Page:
Did the disastrous day also display God’s grace?
It was Sept. 10, 2001, the night before the calamity. I was leading a gathering of ministers in our building in northern New Jersey, across the Hudson River from New York City. As the leader of a Messianic worship center, I was very conscious of where we were in the biblical Hebrew calendar—these were the days of the trumpet, the biblical alarm, the warning sound of approaching danger.
That evening one of our ministers came to us heavily burdened over the fact that he had not shared the gospel with the unsaved in his life. He stayed there, praying late into the night. A few hours later, on Sept. 11, he went to work in his office inside the World Trade Center in Manhattan.
At that time there was also a woman in my life who seemed as if she could be the one for me. Only months earlier we had exchanged our first gifts at the ground floor of the Twin Towers. On the morning of Sept. 11, she was scheduled for an appointment at the towers just when the attack would take place.
Tuesday the 11th was a warm and pleasant September morning. The burdened minister was high up in the South Tower when the first plane struck. As he pondered the possibility that his life was about to end, he was all the more haunted by his failure to share God’s love with the lost.
Subsequent to the plane crashing into the building, he made his way to the stairwell, which had quickly filled with others seeking to save their lives. Only a handful of minutes were left before the entire South Tower would collapse into a heap of ruins. But now, with so many people jamming the stairs, there was hardly any movement toward escape.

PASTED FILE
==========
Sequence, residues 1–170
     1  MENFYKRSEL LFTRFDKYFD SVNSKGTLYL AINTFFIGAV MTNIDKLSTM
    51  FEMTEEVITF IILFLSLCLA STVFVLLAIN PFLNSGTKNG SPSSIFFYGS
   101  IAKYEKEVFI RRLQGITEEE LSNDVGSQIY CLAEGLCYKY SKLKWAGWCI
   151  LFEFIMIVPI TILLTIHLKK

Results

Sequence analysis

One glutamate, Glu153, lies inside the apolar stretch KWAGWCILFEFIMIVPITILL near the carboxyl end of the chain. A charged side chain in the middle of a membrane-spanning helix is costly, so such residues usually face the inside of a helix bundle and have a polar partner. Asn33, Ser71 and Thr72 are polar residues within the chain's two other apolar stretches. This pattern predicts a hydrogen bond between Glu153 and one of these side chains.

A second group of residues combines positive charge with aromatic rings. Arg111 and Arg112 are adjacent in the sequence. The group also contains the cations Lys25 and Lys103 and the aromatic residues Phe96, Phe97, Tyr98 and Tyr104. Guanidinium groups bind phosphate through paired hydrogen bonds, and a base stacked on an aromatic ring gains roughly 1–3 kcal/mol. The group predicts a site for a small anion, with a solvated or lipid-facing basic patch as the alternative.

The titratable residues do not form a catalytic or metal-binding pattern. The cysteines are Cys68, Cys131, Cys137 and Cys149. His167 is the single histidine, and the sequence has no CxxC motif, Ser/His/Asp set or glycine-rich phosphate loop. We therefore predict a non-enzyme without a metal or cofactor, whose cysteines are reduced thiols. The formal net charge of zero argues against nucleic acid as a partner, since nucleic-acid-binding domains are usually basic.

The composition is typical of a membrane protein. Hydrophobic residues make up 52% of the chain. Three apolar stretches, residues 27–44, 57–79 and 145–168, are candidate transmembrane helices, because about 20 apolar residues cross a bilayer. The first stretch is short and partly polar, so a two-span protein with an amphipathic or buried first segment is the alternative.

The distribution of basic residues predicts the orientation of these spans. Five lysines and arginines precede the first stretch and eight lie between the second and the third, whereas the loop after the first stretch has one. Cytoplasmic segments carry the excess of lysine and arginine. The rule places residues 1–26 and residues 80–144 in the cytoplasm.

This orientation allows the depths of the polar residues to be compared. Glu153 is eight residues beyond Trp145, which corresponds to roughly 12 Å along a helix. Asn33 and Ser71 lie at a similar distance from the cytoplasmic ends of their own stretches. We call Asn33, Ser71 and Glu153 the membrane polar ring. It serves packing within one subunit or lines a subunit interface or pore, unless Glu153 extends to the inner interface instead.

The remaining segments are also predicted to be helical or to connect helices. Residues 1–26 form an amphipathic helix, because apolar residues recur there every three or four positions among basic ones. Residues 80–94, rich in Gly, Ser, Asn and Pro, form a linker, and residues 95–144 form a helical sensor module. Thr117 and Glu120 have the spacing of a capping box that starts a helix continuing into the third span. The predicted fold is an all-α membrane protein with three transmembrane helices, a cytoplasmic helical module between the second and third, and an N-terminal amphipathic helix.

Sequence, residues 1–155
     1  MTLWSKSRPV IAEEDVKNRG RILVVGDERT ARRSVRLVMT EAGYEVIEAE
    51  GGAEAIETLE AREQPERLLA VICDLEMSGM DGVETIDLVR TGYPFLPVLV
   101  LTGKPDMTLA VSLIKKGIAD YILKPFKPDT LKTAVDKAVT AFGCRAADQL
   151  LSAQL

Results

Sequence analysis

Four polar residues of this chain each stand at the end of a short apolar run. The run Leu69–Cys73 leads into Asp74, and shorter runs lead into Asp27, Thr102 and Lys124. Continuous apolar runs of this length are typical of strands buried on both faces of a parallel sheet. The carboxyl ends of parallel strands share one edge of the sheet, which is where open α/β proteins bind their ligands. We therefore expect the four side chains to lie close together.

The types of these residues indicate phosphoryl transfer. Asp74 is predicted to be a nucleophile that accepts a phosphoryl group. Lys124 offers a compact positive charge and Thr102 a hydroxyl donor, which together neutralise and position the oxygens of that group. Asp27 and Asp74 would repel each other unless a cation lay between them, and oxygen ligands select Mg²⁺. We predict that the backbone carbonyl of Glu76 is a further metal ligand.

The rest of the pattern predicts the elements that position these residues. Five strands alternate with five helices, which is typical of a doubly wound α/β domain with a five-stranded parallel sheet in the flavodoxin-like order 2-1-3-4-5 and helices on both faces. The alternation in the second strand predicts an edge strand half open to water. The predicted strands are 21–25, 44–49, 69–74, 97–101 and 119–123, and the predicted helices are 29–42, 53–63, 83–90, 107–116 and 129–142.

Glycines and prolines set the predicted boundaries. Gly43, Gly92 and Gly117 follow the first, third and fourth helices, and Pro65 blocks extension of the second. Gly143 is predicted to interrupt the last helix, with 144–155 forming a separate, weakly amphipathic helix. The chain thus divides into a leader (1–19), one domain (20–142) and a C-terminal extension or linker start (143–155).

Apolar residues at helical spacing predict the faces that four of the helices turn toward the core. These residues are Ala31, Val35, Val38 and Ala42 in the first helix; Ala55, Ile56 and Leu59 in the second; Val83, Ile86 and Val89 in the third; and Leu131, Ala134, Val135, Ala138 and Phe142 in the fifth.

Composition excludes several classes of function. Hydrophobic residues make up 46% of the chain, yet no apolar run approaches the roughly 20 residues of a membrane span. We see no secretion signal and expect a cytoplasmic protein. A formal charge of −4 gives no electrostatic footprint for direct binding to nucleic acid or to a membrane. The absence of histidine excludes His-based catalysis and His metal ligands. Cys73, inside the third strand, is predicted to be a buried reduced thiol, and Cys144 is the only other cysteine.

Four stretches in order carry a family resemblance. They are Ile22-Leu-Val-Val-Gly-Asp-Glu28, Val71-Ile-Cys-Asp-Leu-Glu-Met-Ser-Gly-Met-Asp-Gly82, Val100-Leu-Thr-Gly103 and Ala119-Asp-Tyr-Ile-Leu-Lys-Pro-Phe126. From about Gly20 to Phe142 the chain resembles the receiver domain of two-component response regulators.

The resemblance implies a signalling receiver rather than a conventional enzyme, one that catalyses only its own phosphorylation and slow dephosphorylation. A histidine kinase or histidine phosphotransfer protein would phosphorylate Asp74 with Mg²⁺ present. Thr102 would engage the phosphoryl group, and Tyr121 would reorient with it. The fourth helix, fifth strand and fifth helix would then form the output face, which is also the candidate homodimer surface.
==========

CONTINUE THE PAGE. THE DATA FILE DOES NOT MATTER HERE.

The minister began praying to God for a second chance to reach the lost. Then, suddenly it seemed, he found himself at the bottom of the stairs. He rushed out the entryway. Behind him, the tower started to collapse.
Reaching safety, he called his wife and children to tell them he was alive and then, before doing anything else, called an old friend for whom he had prayed the night before, to finally share the gospel with him.
As for the woman whom I was courting and who was also scheduled to be at the towers at the time of the attack, she learned at the last minute that her appointment in New York City was cancelled. She too was saved from the calamity. This woman is now my wife with whom I share a little boy of 2 years.
Sept. 11 was, thus, not only a day of calamity but also a day of untold mercies and countless hidden stories of those whose lives would have ended but for the grace of God in a single turn of events.
And there was something more to it.
Two years before, I had stood overlooking the Hudson River in a gathering of prayer for God’s mercy on New York. It was united intercession based on a prophetic sense that a terrorist attack would come to the city in future days.
As I led in prayer, my focus was drawn to the two towers of the World Trade Center across the water. A deep sense came over me of things yet to come for America. Two years later it would begin.
Could it be that 9/11 was, as well, a wake-up call to a nation rapidly departing from God? And did America wake up?
It is the call of God that we pray for our nation—for mercy and revival. And it is the Lord’s charge that we make the most of every moment to share the gospel with those who are perishing—for we never know when will be our last chance to do that.
Jonathan Cahn, a Jewish believer, is the senior pastor and rabbi of the Jerusalem Center in Wayne, N.J., one of the largest Messianic congregations in the U.S. His new fictional book, The Harbinger: The Ancient Mystery That Holds the Secret of America’s Future, released.